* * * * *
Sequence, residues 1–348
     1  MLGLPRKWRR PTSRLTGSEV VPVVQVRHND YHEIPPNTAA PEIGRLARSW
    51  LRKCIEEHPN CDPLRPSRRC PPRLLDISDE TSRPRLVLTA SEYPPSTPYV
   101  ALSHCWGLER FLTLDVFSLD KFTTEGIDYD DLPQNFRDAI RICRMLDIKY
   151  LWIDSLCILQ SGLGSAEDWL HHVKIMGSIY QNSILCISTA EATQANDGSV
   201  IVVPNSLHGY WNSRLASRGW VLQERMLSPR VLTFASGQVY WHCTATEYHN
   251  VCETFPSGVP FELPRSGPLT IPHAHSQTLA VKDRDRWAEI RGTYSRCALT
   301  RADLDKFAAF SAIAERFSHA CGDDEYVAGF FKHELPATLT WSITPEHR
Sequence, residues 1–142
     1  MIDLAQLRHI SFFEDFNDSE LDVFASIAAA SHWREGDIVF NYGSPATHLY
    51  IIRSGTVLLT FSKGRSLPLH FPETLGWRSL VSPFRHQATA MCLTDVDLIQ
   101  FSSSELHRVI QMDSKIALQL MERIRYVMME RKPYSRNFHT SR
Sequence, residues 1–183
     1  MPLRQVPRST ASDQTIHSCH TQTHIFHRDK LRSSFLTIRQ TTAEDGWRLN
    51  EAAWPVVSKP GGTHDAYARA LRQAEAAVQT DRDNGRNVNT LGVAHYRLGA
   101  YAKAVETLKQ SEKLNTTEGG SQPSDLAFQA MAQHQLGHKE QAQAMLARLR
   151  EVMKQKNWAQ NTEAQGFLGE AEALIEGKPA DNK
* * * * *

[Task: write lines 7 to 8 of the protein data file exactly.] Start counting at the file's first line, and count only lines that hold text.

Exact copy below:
   251  VCETFPSGVP FELPRSGPLT IPHAHSQTLA VKDRDRWAEI RGTYSRCALT
   301  RADLDKFAAF SAIAERFSHA CGDDEYVAGF FKHELPATLT WSITPEHR